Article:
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COPD is the 3rdleading cause of death in the United States. The disease kills more than 120,000 Americans each year—that’s 1 death every 4 minutes—and causes serious, long-term disability. The number of people with COPD is increasing. More than 12 million people are diagnosed with COPD and an additional 12 million likely have the disease and don’t even know it.
COPD is a serious lung disease that over time makes it hard to breathe. You may have heard COPD called other names, like emphysema or chronic bronchitis.
In people who have COPD, the airways—tubes that carry air in and out of your lungs—are partly blocked, which makes it hard to get air in and out.
Many people with COPD avoid activities that they used to enjoy because they become short of breath more easily.
Symptoms of COPD include:
When COPD is severe, shortness of breath and other symptoms can get in the way of doing even the most basic tasks, such as doing light housework, taking a walk, and even bathing and getting dressed.
COPD develops slowly, and can worsen over time, so be sure to report any symptoms you might have to your doctor or healthcare provider as soon as possible, no matter how mild they may seem.
Most people who are at risk for getting COPD have never even heard of it and, in many cases, don’t even realize that the condition has a name. Some of the things that put you at risk for COPD include:
COPD most often occurs in people age 40 and over with a history of smoking (either current or former smokers), although as many as 1 out of 6 people with COPD never smoked. Smoking is the most common cause of COPD—it accounts for as many as 9 out of 10 COPD-related deaths.
COPD can also occur in people who have had long-term exposure to things that can irritate your lungs, like certain chemicals, dust, or fumes in the workplace. Heavy or long-term exposure to secondhand smoke or other air pollutants may also contribute to COPD.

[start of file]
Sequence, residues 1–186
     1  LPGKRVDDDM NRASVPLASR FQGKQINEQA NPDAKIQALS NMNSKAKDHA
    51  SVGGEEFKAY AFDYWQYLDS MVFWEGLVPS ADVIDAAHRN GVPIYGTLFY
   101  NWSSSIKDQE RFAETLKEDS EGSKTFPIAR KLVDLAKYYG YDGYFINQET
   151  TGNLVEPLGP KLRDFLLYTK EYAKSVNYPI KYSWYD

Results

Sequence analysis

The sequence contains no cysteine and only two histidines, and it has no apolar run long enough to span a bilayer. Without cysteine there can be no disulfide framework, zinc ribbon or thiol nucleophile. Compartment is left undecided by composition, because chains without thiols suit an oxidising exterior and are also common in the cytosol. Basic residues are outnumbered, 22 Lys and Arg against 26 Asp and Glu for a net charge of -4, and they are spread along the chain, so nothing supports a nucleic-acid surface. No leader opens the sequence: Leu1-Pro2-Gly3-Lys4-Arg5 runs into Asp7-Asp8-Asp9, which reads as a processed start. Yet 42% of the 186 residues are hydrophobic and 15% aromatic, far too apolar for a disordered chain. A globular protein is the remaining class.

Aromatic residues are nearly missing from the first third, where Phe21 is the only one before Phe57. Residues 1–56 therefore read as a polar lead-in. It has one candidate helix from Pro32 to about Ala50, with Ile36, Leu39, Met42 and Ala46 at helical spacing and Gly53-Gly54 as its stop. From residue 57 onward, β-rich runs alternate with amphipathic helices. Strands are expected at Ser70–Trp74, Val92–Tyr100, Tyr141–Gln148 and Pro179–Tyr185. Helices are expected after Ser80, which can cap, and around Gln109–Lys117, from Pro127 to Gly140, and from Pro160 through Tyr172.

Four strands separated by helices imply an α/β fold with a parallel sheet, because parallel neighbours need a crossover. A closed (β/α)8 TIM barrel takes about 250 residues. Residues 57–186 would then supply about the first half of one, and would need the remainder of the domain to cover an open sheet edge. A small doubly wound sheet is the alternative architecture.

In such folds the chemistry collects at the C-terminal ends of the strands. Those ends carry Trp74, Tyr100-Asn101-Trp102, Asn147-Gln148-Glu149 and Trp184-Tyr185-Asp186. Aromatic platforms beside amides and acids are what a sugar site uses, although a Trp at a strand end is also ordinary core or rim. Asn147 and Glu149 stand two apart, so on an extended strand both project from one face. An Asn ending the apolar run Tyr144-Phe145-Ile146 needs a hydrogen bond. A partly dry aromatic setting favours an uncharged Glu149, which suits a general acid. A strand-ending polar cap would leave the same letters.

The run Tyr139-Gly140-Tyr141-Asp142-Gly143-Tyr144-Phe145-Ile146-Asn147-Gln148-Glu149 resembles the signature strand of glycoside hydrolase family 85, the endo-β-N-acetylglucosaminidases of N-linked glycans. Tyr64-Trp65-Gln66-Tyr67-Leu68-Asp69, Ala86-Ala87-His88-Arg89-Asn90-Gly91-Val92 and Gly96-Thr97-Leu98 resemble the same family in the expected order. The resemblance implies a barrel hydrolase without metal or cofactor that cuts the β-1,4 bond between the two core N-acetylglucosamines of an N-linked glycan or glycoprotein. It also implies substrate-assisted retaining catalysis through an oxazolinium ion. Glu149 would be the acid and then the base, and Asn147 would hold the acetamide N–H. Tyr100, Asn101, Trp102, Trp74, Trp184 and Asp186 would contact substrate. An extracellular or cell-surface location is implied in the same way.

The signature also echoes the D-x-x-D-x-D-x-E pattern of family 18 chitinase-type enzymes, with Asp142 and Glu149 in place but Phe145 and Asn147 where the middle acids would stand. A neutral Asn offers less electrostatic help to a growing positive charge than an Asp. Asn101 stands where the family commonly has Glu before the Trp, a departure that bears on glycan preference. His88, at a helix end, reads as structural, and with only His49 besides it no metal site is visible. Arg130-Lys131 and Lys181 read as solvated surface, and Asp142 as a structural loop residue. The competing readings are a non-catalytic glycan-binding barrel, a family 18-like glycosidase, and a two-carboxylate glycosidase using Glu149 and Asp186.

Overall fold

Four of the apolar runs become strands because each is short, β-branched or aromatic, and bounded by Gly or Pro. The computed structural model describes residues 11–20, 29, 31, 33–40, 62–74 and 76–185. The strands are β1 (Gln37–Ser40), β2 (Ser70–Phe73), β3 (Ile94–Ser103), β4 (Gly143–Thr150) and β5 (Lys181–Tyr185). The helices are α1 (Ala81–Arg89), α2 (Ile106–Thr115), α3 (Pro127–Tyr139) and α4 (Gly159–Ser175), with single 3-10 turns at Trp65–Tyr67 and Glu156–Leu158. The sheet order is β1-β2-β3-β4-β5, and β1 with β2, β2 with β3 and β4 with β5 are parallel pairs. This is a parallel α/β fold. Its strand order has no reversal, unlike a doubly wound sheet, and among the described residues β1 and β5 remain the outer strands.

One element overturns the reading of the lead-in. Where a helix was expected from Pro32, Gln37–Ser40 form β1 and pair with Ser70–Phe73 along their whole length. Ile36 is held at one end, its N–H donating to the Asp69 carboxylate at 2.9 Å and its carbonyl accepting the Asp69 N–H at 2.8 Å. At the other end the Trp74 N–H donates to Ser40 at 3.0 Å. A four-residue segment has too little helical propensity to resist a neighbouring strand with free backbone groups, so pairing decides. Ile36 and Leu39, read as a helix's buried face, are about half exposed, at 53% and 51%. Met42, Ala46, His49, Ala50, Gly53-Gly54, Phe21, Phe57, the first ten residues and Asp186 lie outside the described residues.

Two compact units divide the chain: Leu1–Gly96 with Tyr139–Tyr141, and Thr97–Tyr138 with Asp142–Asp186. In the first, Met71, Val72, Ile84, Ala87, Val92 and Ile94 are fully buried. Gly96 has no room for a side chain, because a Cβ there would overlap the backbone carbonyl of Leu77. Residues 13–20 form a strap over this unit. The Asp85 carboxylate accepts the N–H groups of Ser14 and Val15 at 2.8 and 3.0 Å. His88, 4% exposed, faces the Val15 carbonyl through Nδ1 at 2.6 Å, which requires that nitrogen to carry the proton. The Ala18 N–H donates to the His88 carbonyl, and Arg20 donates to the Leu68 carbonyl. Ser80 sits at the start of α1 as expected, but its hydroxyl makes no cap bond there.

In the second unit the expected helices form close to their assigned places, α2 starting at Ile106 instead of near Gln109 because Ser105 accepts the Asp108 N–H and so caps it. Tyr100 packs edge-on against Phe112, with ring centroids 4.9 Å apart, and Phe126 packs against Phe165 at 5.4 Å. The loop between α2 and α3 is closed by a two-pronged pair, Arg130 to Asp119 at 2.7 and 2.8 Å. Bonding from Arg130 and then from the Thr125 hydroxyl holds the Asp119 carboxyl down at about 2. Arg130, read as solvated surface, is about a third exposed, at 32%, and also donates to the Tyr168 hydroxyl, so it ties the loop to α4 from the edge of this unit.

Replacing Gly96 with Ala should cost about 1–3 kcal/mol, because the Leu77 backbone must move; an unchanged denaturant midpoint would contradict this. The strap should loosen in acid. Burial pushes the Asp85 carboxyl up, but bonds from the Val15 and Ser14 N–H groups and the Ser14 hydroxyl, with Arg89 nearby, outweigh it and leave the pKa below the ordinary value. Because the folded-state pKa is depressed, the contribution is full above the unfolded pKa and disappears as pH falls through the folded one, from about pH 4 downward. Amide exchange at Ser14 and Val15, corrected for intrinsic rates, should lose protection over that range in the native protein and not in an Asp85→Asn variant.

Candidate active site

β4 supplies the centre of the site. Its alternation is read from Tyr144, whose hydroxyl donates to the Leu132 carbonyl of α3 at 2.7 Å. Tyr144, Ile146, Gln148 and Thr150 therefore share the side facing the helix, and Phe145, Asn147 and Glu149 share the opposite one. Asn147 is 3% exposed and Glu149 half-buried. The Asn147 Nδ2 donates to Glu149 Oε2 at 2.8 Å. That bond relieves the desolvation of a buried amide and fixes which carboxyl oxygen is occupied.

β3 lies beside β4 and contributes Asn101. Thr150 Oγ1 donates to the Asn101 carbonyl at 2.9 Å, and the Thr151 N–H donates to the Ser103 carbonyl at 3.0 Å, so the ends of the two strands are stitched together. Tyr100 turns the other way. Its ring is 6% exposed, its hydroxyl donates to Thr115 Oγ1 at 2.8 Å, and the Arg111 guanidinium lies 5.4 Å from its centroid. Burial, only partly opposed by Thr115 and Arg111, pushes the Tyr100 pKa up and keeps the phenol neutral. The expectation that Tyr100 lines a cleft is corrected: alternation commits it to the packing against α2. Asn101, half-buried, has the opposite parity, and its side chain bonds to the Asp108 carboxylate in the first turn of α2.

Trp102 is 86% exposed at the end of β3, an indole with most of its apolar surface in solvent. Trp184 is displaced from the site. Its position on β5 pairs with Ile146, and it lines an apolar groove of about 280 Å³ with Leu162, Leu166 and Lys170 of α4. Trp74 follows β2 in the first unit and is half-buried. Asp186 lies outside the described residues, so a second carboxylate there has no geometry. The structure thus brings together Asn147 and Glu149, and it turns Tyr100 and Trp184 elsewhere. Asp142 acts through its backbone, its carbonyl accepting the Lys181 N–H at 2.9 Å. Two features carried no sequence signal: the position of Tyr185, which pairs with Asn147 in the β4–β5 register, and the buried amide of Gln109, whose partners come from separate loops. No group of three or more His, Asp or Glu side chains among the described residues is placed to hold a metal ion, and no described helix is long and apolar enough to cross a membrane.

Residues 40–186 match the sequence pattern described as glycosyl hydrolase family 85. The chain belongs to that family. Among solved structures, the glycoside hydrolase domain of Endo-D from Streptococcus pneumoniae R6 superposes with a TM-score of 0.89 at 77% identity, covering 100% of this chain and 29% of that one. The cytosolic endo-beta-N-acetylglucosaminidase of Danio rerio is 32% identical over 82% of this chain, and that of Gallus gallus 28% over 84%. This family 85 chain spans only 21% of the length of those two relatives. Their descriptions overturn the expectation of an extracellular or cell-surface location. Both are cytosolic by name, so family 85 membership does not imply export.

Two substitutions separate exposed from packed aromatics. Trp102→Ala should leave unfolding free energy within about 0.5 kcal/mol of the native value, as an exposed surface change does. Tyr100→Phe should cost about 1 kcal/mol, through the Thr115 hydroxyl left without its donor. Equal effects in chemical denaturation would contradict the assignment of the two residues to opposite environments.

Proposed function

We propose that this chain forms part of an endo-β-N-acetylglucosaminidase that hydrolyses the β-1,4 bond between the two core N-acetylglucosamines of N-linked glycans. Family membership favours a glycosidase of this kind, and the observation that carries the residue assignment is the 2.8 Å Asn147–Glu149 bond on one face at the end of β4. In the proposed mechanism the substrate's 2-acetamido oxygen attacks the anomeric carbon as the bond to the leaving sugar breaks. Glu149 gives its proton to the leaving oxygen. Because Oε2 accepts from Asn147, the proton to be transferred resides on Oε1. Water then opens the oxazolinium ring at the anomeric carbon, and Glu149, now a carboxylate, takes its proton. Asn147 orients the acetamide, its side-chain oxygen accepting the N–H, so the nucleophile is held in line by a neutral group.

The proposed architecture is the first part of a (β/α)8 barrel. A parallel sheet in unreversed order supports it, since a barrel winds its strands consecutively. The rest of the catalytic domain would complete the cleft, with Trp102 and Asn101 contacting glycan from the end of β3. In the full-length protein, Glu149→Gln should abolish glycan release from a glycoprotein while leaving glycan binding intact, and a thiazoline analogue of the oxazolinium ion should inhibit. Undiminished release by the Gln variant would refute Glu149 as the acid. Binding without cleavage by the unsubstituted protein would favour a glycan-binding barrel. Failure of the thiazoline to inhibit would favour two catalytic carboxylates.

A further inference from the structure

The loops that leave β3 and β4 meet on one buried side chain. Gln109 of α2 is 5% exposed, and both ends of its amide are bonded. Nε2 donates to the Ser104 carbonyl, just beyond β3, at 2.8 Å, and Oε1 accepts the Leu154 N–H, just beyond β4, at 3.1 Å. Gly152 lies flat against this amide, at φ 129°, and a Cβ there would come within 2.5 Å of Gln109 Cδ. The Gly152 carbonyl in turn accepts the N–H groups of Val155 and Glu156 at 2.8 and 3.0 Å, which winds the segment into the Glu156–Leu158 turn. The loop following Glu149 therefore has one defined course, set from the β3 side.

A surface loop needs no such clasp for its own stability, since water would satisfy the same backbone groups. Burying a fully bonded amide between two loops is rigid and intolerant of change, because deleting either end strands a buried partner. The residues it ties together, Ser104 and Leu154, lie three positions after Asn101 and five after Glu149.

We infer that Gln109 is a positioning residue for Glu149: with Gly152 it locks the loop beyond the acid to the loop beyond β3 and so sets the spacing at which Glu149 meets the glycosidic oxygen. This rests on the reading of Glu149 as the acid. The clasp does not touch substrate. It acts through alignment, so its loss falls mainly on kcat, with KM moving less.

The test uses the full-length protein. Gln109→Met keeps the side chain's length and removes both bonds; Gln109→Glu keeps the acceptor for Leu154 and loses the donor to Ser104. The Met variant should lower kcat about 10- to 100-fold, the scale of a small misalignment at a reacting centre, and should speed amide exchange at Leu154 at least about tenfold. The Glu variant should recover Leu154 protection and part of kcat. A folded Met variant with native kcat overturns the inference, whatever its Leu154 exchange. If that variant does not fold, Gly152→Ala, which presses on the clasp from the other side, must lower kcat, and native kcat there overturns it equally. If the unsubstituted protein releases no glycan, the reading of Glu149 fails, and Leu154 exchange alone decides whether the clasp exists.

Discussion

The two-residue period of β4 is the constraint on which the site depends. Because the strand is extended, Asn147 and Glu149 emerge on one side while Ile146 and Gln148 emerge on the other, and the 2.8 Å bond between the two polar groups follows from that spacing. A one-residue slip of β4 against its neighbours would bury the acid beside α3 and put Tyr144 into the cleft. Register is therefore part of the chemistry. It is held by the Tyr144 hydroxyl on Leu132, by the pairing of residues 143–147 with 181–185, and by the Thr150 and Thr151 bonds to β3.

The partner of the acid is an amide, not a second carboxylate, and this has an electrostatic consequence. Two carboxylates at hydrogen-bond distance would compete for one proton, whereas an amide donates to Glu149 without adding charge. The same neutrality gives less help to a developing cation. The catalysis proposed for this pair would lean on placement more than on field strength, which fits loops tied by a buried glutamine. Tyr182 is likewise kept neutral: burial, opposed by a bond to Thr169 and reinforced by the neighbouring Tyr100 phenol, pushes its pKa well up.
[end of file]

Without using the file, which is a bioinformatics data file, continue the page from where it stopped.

In some people, COPD is caused by a genetic condition known as alpha-1 antitrypsin, or AAT, deficiency. While very few people know they have AAT deficiency, it is estimated that as many as 100,000 Americans have it. People with AAT deficiency can get COPD even if they have never smoked or had long-term exposure to harmful pollutants.
Everyone at risk for COPD who has a cough, sputum production or shortness of breath, should be tested for the disease. The test for COPD is called spirometry.
Spirometry can detect COPD before symptoms become severe. It is a simple, noninvasive breathing test that measures the amount of air a person can blow out of the lungs (volume) and how fast he or she can blow it out (flow). Based on this test, your doctor or healthcare provider can tell if you have COPD, and if so, how severe it is. The spirometry reading can help determine the best course of treatment.
How Spirometry Works
Spirometry is one of the best and most common lung function tests. The test is done with a spirometer, a machine that measures how well your lungs function, records the results, and displays them on a graph. You will be asked to take a deep breath, then blow out as hard and as fast as you can using a mouthpiece connected to the machine with tubing. The spirometer then measures the total amount of air exhaled, called the forced vital capacity or FVC, and how much you exhaled in the first second, called the forced expiratory volume in 1 second or FEV1. Your doctor or healthcare provider will use the results to assess how well your lungs are working and whether or not you have COPD.
There are many things people at risk for COPD can do:
If you smoke, the best thing you can do to prevent more damage to your lungs is to quit. To help you quit, there are many online resources and several new aids available from your healthcare provider. Visit www.smokefree.gov; www.lungusa.org; or call 1-800-QUIT NOW for more information.
Try to stay away from other things that could irritate your lungs, like dust and strong fumes. Stay indoors when the outside air quality is poor. You could also stay away from places where there might be cigarette smoke.
See your doctor or healthcare provider regularly even
if you are feeling fine. Make a list of your breathing
symptoms and think about any activities that you can
no longer do because of shortness of breath. Be sure to
bring a list of all the medicines you are taking to each
Do your best to avoid crowds during flu season. It is also a good idea to get a flu shot every year, since the flu can cause serious problems for people with COPD. You should also ask your provider about the pneumonia vaccine.
If you think you might be at risk for COPD, get a simple breathing test. Talk with your doctor or healthcare provider about treatment options. You can take steps to make breathing easier and live a longer and more active life.
For more information, visit http://COPD.nhlbi.nih.gov.
Or contact the National Heart, Lung, and Blood Institute at www.nhlbi.nih.gov.